Many horrors of Nazi concentration camps became evident to the world after victims were liberated at the end of WWII. Photos of Holocaust victims and conditions in the camps captured the brutality and suffering of the likes of Bergen-Belsen, Auschwitz, and others. Auschwitz, however, was also the location of a woman named Franceska Mann.
Born in Poland on Feb. 4, 1917, to a Jewish family, Mann excelled in her dance studies in Warsaw. She performed under the name Lola Horowitz at the Melody Palace nightclub in Warsaw during the early years of WWII. In the end, the ballerina led an uprising against her Nazi captors — and took one life herself. Mann ceased to live shortly thereafter.
Mann Spent A Brief Amount Of Time At Hotel Polski
In 1943, Mann found herself relegated to the Warsaw Ghetto but managed to get a foreign passport. This gave her access to the Hotel Polski in Warsaw where Germans had agreed to let Jews with foreign passports from South American countries reside before leaving the country. The Gestapo transferred the Jews at Hotel Polski to different concentration camps and, after South American countries refused to recognize the passports, began killing them en masse.
Historians debate whether or not Hotel Polski was a trick used to draw Jews out of hiding. Regardless, thousands of Jews did make their way to Hotel Polski only to be sent to their deaths.
Mann Was Arrested In 1943 And Sent To Bergen-Belsen
As part of the Hotel Polski Affair, as it's come to be known, police took Mann into custody in July 1943. She was arrested with about 600 other Jewish victims. The police sent some victims to Vittel, France, while others, including Mann, were sent to Bergen-Belsen. Bergen-Belsen held several concentration camps, detaining POWs, homosexuals, Roma, and other "undesirables." Anne Frank also perished at Bergen-Belson.
Mann Put On A Provocative Show To Distract The Guards At The Gas Chambers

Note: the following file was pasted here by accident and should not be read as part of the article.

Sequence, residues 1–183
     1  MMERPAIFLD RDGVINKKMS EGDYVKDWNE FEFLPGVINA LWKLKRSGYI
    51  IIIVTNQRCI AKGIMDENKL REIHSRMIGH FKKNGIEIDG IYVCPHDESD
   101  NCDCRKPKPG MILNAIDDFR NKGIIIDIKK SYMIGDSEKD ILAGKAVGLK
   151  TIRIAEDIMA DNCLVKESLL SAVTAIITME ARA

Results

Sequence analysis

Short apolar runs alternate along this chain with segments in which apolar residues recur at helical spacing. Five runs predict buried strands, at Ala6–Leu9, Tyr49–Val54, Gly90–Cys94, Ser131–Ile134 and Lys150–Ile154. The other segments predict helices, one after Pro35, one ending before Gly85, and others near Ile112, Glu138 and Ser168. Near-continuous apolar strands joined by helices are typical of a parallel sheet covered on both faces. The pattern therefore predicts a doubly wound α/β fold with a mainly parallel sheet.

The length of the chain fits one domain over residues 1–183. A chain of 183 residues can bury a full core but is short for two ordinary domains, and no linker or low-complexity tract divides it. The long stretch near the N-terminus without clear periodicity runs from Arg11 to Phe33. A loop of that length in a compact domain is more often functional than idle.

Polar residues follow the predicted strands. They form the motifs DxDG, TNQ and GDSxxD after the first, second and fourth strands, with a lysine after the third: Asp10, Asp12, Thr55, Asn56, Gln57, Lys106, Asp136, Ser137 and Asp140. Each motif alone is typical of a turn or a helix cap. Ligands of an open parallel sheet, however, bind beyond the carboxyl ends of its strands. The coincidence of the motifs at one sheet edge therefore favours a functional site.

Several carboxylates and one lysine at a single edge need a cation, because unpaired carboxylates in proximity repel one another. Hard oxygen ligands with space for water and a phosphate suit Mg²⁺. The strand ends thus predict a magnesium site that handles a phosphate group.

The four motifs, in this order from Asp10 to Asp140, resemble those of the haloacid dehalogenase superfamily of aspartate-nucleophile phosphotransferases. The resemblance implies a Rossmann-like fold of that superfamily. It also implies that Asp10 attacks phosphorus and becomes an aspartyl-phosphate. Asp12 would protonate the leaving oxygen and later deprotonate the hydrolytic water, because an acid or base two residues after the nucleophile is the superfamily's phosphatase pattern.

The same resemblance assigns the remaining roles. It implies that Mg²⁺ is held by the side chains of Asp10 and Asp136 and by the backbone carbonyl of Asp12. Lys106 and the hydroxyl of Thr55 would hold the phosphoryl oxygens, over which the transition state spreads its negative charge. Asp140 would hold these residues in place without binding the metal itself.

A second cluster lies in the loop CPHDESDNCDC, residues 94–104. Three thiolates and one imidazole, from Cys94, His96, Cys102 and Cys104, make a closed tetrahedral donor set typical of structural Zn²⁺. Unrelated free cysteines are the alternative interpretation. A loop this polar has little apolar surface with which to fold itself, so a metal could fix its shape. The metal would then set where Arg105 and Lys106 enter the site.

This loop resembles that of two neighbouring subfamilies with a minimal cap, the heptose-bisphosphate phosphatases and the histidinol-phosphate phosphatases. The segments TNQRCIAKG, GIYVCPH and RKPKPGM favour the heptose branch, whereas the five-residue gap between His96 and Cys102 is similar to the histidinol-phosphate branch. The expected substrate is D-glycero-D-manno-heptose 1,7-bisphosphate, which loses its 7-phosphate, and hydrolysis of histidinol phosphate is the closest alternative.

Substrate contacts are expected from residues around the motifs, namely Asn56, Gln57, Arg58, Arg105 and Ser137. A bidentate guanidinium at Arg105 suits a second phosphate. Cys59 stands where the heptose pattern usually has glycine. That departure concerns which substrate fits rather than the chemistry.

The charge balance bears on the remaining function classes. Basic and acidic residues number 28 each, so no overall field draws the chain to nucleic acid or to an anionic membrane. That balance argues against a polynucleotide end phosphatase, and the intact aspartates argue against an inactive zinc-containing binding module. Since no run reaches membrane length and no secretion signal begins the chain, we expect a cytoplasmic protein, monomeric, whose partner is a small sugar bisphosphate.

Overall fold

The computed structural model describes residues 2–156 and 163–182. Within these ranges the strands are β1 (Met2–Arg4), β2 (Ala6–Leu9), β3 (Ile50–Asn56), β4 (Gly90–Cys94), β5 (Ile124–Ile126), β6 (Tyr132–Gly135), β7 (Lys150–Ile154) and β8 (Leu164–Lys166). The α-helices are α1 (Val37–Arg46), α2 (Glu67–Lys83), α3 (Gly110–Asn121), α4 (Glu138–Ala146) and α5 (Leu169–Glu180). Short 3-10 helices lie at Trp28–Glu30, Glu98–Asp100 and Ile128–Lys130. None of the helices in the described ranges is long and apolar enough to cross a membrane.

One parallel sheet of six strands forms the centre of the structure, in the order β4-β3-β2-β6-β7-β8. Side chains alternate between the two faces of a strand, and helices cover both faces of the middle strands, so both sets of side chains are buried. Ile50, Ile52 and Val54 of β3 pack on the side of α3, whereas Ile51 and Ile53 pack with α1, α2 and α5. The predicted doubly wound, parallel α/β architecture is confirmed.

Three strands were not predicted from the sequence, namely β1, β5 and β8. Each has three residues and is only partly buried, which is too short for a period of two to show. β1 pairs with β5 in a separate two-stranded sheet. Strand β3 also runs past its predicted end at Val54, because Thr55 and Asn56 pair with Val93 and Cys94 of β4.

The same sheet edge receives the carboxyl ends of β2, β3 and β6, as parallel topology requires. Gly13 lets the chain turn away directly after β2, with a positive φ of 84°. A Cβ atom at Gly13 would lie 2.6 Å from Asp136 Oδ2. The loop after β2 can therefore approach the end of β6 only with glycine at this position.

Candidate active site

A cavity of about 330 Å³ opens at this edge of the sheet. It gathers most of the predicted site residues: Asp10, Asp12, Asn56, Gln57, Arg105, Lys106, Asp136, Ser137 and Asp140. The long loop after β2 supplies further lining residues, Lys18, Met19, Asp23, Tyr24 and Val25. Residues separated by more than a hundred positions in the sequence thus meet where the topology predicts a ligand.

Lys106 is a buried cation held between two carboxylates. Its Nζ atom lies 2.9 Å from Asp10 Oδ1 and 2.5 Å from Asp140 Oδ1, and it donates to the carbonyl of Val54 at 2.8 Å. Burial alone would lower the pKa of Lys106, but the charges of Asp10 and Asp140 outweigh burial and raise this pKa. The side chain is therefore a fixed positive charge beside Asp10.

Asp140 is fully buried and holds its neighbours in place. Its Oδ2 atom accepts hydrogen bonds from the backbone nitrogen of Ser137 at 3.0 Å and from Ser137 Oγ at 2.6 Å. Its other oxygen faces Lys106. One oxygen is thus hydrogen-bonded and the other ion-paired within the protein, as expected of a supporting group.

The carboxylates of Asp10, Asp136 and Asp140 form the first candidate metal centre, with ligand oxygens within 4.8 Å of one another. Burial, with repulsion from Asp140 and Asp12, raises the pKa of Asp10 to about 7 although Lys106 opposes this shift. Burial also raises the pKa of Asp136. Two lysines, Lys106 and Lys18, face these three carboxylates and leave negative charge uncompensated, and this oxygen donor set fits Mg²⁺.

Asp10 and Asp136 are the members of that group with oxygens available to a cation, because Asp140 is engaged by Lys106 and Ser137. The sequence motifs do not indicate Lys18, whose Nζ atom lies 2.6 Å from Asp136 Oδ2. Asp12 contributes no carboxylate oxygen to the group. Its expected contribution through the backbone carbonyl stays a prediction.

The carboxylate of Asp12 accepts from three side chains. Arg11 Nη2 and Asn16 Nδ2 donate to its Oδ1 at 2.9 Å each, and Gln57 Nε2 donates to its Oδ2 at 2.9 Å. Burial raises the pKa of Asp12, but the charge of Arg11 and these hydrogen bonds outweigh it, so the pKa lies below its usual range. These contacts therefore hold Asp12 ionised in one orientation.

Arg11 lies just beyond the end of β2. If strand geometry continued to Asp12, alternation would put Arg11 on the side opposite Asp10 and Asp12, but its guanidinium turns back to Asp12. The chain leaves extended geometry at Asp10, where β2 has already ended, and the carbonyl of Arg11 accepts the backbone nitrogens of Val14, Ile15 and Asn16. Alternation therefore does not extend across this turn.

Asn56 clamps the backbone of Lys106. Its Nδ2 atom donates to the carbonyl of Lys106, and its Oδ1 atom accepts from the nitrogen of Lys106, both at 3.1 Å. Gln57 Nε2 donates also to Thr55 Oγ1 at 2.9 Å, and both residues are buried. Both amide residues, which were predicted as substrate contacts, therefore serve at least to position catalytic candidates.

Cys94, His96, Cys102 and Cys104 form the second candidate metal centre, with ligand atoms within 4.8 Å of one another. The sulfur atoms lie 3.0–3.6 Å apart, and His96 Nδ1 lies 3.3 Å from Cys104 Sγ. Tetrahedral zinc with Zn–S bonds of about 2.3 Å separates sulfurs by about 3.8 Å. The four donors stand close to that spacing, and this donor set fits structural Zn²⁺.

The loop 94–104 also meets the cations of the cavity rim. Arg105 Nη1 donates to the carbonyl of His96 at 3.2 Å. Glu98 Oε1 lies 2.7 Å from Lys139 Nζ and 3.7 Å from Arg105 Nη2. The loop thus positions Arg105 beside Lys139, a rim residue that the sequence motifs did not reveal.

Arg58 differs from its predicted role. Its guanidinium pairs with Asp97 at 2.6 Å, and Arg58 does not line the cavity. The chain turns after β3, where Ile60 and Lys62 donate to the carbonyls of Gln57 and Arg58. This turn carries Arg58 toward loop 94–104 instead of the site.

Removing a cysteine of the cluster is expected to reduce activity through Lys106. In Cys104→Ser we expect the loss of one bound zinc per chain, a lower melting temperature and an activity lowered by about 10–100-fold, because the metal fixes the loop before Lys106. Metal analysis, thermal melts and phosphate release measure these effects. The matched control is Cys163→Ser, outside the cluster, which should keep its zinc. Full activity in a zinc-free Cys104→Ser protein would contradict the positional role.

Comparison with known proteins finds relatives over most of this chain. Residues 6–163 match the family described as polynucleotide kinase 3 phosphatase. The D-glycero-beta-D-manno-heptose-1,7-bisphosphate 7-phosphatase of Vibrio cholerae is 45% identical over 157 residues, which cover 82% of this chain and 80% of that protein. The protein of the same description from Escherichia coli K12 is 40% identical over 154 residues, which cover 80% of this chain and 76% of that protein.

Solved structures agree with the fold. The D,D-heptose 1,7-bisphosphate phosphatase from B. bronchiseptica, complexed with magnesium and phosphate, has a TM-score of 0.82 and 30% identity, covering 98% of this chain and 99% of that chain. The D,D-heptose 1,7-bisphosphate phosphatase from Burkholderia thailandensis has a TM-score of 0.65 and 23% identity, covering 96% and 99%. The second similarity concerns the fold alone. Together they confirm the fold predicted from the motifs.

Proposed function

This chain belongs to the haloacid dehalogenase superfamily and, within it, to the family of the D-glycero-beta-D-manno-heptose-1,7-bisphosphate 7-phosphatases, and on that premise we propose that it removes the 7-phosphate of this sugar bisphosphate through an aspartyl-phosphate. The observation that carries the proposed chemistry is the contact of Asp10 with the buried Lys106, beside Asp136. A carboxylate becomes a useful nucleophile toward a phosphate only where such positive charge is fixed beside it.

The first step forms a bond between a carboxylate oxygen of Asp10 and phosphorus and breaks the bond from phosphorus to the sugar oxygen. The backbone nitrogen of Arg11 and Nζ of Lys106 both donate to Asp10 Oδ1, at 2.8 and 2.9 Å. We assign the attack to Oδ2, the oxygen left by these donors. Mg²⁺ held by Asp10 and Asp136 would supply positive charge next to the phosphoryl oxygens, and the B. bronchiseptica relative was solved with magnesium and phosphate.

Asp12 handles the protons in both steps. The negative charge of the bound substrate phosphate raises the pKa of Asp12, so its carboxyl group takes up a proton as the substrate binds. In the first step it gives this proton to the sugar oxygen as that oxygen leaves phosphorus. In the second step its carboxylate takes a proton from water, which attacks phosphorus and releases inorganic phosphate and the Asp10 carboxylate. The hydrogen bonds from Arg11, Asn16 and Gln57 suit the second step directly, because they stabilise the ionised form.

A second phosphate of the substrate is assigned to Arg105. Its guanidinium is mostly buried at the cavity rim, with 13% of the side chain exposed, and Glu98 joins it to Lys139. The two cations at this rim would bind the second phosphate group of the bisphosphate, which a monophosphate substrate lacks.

Mann arrived at Auschwitz-Birkenau in October 1943. She and the other arriving Jewish people detained were immediately sent to the gas chambers. The SS guards ordered Mann to undress, and she reportedly did so in the form of a striptease to distract them. The guards were taken by her performance, leaving them vulnerable.
The distracted guards gave Mann and the rest of the women in the gas chambers an opening to strike.
Mann Threw Her Shoe At Her Captors And Grabbed One Of Their Guns
By other accounts, when Nazis ordered Mann to strip, "she threw her shoe in [Josef] Schillinger’s face, seized his revolver and shot him in the stomach." Mann shot SS Sergeant Major Schillinger twice, and she fired a third shot at an SS sergeant named Wilhelm Emmerich. Emmerich sustained wounding, and Schillinger did not make it to the hospital before his life ended.
In another telling of this account, Mann lunged for SS Oberscharführer Walter Quakernack, hitting him in the face with her shoe and grabbing his gun. She then fired twice, hitting Schillinger, and then once more, hitting Emmerich in the leg. Mann's retaliation would force Emmerich to walk with a limp for the rest of his life.
Mann's actions led the rest of the women in the crematorium to act.
Reinforcements Were Called, And The Revolt Was Quickly Put Down
The chaos in the crematorium escalated but didn't last long. Guards from around the camp responded to the uprising, bringing machine guns and grenades to the scene. While it is debated whether the majority of women were gassed or shot with machine guns, the lives of many Jewish people ceased to exist.
Even Though the Revolt Was Unsuccessful, Mann's Actions Inspired Many
The concentration camps put down the revolt as quickly as it began. Despite that, word of the incident spread through the camp and, according to Auschwitz survivor Wieslaw Kielar, "this heroic deed by a weak woman in the face of certain death, gave moral support to every prisoner. We realized all at once that if we dared raise a hand against them, that hand might kill; they were mortal, too."